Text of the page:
Barry Brook

Professor Barry Brook holds the Foundation Sir Hubert Wilkins Chair of Climate Change and is Director of Climate Science at The Environment Institute, University of Adelaide. He has published two books and over 150 peer-reviewed scientific papers, and regularly writes opinion pieces and popular articles for the media. He has received a number of distinguished awards in recognition of his research excellence, which addresses the topics of climate change, computational and statistical modelling and the synergies between human impacts on Earth systems.

Barry's website:

Recently a prominent campaigner for nuclear power in Australia, Ben Heard, completed his Ph.D. thesis. His advisor was SCGI’s own Dr. Barry Brook. Ben’s thesis was something that those of us who’d heard about it in its development stage were anxious to Ben Heardsee finally made public. I’m delighted to be able to offer Ben’s excellent work, Burden of Proof, to our site's visitors. It examines the various “100% Renewables” scenarios around the world, and whether their arguments hold water. There is also a considerable amount of supplementary material, which is also available to download.

Those of us who advocate for nuclear power know well the arguments against it based on the notion that wind and solar (and other marginal or undeveloped energy systems) will suffice in the absence of both fossil fuels and nuclear power. Ben is allowing us to offer this material to share freely so that those of us who find ourselves in these often frustrating discussions can have some solid data with which to engage in this debate. Please feel free to share this widely. Ben has done a great service in shedding light on the facts.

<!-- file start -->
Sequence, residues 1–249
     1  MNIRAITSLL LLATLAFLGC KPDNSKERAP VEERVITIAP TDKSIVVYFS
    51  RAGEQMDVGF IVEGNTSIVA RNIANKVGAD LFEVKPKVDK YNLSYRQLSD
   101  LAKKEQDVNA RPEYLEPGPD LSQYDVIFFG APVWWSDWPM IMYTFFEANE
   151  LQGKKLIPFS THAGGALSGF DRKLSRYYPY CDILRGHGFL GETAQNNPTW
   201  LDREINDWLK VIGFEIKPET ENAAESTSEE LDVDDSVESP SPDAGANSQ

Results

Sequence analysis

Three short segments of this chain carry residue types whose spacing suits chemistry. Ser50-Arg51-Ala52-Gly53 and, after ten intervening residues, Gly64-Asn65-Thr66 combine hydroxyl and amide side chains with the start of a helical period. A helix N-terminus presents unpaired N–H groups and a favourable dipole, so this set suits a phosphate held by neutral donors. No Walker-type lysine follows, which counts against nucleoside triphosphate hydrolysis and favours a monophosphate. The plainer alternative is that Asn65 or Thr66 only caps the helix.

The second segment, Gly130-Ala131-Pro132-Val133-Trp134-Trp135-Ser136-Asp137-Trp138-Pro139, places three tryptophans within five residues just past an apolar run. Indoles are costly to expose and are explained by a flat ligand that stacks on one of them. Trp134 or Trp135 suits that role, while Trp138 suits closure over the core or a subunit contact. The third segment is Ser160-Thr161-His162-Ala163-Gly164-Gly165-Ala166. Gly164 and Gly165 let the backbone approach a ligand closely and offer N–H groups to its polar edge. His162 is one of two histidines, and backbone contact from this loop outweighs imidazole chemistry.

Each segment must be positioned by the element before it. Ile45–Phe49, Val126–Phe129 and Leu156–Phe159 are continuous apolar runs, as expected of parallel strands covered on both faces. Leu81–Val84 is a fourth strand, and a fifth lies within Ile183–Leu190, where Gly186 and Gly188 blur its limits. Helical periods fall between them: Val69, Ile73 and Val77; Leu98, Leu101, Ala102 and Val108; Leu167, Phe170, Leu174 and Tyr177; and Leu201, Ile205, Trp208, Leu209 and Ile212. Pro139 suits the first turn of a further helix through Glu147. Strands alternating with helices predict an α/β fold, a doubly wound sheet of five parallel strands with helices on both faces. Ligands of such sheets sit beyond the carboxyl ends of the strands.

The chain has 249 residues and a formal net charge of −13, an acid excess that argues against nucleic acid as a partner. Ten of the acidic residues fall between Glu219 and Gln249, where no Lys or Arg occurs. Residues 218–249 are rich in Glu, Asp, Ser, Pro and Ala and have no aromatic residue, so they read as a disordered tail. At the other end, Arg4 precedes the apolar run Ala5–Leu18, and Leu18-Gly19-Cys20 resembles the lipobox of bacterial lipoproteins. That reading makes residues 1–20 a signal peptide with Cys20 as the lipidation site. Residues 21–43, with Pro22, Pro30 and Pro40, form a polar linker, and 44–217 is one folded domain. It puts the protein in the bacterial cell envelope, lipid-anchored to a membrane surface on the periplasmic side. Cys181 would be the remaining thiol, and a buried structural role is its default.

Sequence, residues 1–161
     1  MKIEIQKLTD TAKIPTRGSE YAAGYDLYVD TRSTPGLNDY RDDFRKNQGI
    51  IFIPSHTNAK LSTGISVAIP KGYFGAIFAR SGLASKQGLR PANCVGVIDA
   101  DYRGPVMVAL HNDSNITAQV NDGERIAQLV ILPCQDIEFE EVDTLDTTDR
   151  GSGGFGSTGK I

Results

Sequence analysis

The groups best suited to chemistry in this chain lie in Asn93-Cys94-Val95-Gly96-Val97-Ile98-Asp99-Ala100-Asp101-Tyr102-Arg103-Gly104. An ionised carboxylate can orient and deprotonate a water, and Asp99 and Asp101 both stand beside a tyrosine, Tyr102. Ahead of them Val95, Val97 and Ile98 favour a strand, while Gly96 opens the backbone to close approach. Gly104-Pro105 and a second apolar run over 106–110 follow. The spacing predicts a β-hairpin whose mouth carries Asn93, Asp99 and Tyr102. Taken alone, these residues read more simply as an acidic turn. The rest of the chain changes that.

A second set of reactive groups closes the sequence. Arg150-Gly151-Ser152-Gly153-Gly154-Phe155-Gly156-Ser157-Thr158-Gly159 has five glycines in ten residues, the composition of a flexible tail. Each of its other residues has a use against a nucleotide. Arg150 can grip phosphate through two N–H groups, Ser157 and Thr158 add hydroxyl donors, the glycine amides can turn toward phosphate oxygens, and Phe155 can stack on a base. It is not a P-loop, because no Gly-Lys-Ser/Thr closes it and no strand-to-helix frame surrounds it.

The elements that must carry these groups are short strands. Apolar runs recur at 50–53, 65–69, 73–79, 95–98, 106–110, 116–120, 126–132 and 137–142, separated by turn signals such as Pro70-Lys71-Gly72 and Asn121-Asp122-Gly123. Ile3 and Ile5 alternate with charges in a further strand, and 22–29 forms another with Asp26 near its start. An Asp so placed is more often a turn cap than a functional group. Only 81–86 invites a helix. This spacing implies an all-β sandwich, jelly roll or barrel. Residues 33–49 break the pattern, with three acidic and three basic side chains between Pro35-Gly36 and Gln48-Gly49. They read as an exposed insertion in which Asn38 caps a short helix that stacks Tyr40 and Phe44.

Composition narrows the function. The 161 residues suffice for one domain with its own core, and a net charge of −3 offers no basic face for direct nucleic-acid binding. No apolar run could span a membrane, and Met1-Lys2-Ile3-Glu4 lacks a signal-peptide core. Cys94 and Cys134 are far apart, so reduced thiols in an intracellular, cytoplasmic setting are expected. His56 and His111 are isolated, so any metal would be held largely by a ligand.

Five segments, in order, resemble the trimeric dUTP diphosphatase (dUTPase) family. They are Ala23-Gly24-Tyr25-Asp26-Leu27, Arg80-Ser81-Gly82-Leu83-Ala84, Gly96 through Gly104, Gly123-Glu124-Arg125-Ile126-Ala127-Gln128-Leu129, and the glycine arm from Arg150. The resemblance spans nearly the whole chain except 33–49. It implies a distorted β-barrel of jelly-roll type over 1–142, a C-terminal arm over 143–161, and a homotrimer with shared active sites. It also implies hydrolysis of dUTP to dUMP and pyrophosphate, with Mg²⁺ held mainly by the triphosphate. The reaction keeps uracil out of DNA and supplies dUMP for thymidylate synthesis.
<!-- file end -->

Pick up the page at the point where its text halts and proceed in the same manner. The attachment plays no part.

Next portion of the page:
Download here:  Burden of Proof, Supplementary material


by Staffan A. Qvist and Barry W. Brook

There is an ongoing debate about the deployment rates and composition of alternative energy plans that could feasibly displace fossil fuels globally by mid-century, as required to avoid the more extreme impacts of climate change. Here we demonstrate the potential for a large-scale expansion of global nuclear power to replace fossil-fuel electricity production, based on empirical data from the Swedish and French light water reactor programs of the 1960s to 1990s.

Analysis of these historical deployments show that if the world built nuclear power at no more than the per capita rate of these exemplar nations during their national expansion, then coal- and gas-fired electricity could be replaced worldwide in less than a decade.

Under more conservative projections that take into account probable constraints and uncertainties such as differing relative economic output across regions, current and past unit construction time and costs, future electricity demand growth forecasts and the retiring of existing aging nuclear plants, our modelling estimates that the global share of fossil-fuel-derived electricity could be replaced within 25–34 years. This would allow the world to meet the most stringent greenhouse-gas mitigation targets.